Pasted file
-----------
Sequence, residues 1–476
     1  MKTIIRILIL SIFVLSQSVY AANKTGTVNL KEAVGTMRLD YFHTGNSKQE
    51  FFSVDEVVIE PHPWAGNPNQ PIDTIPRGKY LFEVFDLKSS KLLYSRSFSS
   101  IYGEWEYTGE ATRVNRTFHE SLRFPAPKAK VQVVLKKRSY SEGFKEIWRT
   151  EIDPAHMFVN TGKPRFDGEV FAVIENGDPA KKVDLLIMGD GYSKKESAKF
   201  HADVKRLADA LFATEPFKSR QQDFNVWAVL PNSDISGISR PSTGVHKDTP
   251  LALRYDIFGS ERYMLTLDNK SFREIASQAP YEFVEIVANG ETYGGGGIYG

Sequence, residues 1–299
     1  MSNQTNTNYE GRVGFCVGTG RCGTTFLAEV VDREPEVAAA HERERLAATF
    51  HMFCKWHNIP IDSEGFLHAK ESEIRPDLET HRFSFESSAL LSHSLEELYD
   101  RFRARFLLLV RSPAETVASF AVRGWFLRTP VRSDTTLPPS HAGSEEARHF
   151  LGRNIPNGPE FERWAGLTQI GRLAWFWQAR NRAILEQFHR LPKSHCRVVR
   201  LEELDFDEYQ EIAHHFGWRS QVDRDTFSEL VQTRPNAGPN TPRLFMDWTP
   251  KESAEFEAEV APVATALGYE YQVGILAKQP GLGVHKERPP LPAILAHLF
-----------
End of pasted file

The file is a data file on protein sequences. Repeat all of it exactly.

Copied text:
Sequence, residues 1–476
     1  MKTIIRILIL SIFVLSQSVY AANKTGTVNL KEAVGTMRLD YFHTGNSKQE
    51  FFSVDEVVIE PHPWAGNPNQ PIDTIPRGKY LFEVFDLKSS KLLYSRSFSS
   101  IYGEWEYTGE ATRVNRTFHE SLRFPAPKAK VQVVLKKRSY SEGFKEIWRT
   151  EIDPAHMFVN TGKPRFDGEV FAVIENGDPA KKVDLLIMGD GYSKKESAKF
   201  HADVKRLADA LFATEPFKSR QQDFNVWAVL PNSDISGISR PSTGVHKDTP
   251  LALRYDIFGS ERYMLTLDNK SFREIASQAP YEFVEIVANG ETYGGGGIYG

Sequence, residues 1–299
     1  MSNQTNTNYE GRVGFCVGTG RCGTTFLAEV VDREPEVAAA HERERLAATF
    51  HMFCKWHNIP IDSEGFLHAK ESEIRPDLET HRFSFESSAL LSHSLEELYD
   101  RFRARFLLLV RSPAETVASF AVRGWFLRTP VRSDTTLPPS HAGSEEARHF
   151  LGRNIPNGPE FERWAGLTQI GRLAWFWQAR NRAILEQFHR LPKSHCRVVR
   201  LEELDFDEYQ EIAHHFGWRS QVDRDTFSEL VQTRPNAGPN TPRLFMDWTP
   251  KESAEFEAEV APVATALGYE YQVGILAKQP GLGVHKERPP LPAILAHLF